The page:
The new Army recruiting ad, featuring the now famous (infamous?) CPL Emma Malonelord has received a lot of negative attention thanks to many conservative politicians and talk-show hosts. But this is far from the worst recruiting ad for the Army. 

So let us take a walk back through the Army’s recruiting ads and take a look at the highs and lows of each era starting from the most recent to the days of Uncle Sam and beyond. 

What’s Your Warrior: Present

Army Recruiting Has Come a Long Way From Uncle Sam: The Best and Worst
An image from one of the ads that triggered so many people during the Army’s new recruiting campaign.

The newest Army recruiting campaign has lots of good stuff. But I hate anime, and that was a nose-wrinkler for moi right off the bat. The Army is shooting for greater diversity, so the newest recruiting ads have soldiers and officers from several different races. That was no doubt the goal there and it hits the mark.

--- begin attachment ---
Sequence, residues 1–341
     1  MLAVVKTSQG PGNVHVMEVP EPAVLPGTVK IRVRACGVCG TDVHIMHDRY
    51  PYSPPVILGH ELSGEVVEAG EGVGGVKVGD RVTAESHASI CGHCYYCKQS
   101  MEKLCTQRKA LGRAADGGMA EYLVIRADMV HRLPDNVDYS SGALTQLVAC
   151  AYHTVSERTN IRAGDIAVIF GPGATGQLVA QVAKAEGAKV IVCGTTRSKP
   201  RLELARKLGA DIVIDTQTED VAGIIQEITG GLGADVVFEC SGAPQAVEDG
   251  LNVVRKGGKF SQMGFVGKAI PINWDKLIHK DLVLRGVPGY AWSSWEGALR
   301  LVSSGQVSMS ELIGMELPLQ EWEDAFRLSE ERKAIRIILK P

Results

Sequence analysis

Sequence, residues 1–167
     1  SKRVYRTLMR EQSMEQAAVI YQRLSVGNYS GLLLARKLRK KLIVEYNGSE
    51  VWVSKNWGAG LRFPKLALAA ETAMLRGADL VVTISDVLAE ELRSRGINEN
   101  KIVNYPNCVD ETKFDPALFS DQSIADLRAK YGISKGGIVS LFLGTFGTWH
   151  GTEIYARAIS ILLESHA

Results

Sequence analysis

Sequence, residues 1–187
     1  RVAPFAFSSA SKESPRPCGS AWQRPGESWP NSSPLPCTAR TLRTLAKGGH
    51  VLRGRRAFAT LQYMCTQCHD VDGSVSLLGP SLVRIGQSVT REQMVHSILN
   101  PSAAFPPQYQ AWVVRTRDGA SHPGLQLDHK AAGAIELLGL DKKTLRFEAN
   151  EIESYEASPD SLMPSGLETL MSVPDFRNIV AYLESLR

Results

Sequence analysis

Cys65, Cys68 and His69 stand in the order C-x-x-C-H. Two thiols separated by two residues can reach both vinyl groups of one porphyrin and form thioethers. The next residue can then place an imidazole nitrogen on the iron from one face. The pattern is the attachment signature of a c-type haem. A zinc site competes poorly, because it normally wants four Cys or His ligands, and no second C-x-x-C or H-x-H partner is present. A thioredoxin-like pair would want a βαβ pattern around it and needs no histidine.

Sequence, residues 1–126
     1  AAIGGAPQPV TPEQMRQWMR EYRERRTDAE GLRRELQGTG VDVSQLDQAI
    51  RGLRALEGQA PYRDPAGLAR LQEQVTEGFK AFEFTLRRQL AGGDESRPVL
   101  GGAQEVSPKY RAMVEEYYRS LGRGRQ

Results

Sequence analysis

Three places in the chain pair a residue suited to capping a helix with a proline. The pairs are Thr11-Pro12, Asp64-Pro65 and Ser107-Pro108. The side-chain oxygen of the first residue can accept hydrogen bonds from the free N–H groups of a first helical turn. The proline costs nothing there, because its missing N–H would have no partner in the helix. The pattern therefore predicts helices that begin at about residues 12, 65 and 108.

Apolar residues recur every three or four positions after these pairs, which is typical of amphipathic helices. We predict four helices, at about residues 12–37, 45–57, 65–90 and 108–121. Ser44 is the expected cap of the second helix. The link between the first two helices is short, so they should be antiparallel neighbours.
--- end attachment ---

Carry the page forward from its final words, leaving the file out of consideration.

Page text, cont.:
The job quiz, career match, and the listing of critical-need jobs for the service are excellent. The webpage was well put together with sections on benefits and either full or part-time service in the Reserves or Guard. For the first time in my memory, the Army is advertising for Army Civilian careers which is definitely something new. 

But I can’t get past the anime. (My son is a huge fan of Japanese anime. So, when I told him what I was writing about, he told me to check out his latest favorite anime. I can’t imagine where he gets that smartassery from?) 

For the record, I could care less about which soldiers have two moms or two dads. That goes right out the window once the rubber hits the road. Is the man/woman next to you reliable and will they be there for the team? That’s what matters.

Nevertheless, this Army recruiting campaign didn’t resonate with viewers and the Army disabled comments on it…. ouch. However, overall, it wasn’t bad. 

Army Strong: 2006-2018 

This one replaced the absolutely worst recruiting campaign ever. So, whatever the Army came up with was bound to be an improvement. However, this was more than that. They simplified the message, promoting Army values and teamwork over individuality and showed a bunch of cool-looking vignettes of soldiers doing cool stuff.